Reno man sent to prison for four years in $3,000 credit card fraud

A 48-year-old Reno man with seven felonies and 22 misdemeanor convictions was sentenced Tuesday to four years in Nevada State Prison .

Steven P. Martin told District Judge Dave Gamble he was getting too old for his lifestyle.

"I've had every opportunity in the world," he said. "When I drink, I just throw everything away. I'm tired of it."

He pleaded guilty to fraudulent use of a credit card, accused of running up nearly $3,000 in charges at the Horizon hotel casino.

"At some point, it's no longer society's responsibility to fix you. It's your responsibility to fix you," Gamble said. "You're the only one who can fix you anyway."

Martin must serve a minimum of 16 months before he can apply for parole.

"I hope this gives you a chance to do what you hope to do," Gamble said.

He gave Martin credit for 95 days in custody.

n A 19-year-old Gardnerville man with three felony convictions was ordered to complete a regimental boot camp if his adult record doesn't prevent him from enrolling.

At first, Judge Dave Gamble said he saw no reason to send James Matlean to the regimental discipline program.

"This was an absolutely, unnecessary, violent, almost obscene treatment of something that belonged to someone else," Gamble said.

Matlean pleaded guilty to grand larceny of a motor vehicle stemming from a July 4, 2005, incident.

He and co-defendant Ross Perusse admitted stealing a 2002 Chevrolet S10 pickup from Mort's Autobody, driving it to Carson City and Sacramento and returning it to the Gardnerville Ranchos sandpits where they shot at it and tried to set it on fire. Matlean turned himself in to Douglas County authorities after serving time in San Bernardino, Calif.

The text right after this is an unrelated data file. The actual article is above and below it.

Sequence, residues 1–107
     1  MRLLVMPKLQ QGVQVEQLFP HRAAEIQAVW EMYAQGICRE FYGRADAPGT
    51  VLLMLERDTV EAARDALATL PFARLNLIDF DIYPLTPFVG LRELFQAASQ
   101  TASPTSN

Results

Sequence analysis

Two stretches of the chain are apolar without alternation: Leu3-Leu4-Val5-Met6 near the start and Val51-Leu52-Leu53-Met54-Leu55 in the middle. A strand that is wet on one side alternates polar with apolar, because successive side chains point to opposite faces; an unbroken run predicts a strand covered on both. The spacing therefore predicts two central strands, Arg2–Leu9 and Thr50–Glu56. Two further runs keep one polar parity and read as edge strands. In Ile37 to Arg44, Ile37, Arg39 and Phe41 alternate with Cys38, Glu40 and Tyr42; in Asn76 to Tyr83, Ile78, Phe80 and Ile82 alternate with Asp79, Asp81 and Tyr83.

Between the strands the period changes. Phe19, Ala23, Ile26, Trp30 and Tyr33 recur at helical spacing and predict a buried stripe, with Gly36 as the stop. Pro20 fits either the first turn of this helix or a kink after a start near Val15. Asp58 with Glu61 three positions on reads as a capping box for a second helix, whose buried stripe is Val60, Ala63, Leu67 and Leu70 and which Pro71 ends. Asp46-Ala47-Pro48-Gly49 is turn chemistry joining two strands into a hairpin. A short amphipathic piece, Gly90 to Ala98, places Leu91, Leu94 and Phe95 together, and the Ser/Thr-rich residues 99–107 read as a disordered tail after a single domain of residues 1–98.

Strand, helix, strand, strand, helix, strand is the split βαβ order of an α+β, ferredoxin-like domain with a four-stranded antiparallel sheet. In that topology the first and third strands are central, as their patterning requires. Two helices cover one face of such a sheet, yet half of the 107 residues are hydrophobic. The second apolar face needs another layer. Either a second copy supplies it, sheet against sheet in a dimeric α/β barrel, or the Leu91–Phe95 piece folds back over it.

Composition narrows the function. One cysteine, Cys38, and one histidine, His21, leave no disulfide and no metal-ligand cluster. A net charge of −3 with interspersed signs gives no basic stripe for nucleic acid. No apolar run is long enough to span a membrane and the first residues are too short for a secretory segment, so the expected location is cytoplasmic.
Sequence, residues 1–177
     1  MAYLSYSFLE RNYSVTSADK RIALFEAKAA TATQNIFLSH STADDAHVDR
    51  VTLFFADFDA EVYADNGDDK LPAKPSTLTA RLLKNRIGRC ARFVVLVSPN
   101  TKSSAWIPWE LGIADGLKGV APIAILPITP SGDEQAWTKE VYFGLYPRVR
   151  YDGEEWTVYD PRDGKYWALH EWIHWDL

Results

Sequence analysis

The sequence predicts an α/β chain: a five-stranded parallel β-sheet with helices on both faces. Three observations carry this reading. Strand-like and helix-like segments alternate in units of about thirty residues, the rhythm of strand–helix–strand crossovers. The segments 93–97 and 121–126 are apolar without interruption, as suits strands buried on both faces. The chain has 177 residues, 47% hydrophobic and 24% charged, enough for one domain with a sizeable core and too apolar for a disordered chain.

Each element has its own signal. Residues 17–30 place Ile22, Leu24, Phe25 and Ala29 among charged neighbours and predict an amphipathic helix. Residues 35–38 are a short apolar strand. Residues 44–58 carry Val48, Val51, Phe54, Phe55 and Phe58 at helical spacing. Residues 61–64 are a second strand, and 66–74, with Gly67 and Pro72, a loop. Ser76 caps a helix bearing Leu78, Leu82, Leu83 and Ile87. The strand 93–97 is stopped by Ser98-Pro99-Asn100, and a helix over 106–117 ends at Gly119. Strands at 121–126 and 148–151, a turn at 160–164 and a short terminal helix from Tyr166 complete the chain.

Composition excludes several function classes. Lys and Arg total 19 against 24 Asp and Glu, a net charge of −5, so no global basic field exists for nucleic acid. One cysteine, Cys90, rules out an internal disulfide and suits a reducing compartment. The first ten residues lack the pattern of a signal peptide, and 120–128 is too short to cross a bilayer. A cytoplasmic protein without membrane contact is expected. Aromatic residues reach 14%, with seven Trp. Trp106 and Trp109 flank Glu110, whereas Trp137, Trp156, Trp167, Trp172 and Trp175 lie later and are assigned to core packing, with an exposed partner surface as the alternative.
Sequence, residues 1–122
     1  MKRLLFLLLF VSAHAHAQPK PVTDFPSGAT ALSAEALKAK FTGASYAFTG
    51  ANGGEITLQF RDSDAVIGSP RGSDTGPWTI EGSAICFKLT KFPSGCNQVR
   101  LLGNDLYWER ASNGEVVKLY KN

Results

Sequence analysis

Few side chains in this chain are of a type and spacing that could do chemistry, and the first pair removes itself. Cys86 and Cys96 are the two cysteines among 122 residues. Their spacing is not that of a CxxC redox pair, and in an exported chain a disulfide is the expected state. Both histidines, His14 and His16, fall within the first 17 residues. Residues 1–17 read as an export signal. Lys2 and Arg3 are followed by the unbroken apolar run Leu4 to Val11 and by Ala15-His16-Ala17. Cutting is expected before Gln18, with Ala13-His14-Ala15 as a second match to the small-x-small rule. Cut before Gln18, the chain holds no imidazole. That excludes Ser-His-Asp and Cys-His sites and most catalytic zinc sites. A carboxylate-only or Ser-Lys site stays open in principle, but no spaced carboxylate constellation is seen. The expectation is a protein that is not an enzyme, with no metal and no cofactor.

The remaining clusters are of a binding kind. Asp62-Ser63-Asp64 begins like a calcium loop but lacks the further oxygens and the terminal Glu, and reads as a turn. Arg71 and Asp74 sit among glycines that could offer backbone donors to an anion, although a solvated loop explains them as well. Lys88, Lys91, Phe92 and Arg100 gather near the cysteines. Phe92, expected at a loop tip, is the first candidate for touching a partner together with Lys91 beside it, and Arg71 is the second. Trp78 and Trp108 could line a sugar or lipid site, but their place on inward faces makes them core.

"I've done a lot of things I am not proud of," Matlean said. "I turned myself in. I know it ultimately depends on me."

Matlean said that for the first time he knew what victims go through because his house had been burglarized.

"I never had the experience of what I've put my victims through. I'm sorry," he said.

Lawyer Terri Roeser argued against sending Matlean to prison because of his age.

"I hate to see a 19-year-old committed to the Department of Corrections at that young age, and with a glimmer of change," she said.

"I know he's not deserving. I hope he is sincere," she said.

"I've sat here with you through half your teen years," Gamble said, referring to Matlean's extensive juvenile record.

"Then, you go out and ring up the most felonies by age 19 that I've ever seen. You wear out everybody," Gamble said.

He told Matlean if he fails the discipline program, he'll be going to prison.

"You'll be telling me you want to go to prison," Gamble said. "If you succeed, you'll still get some jail time, but it will not be prison."


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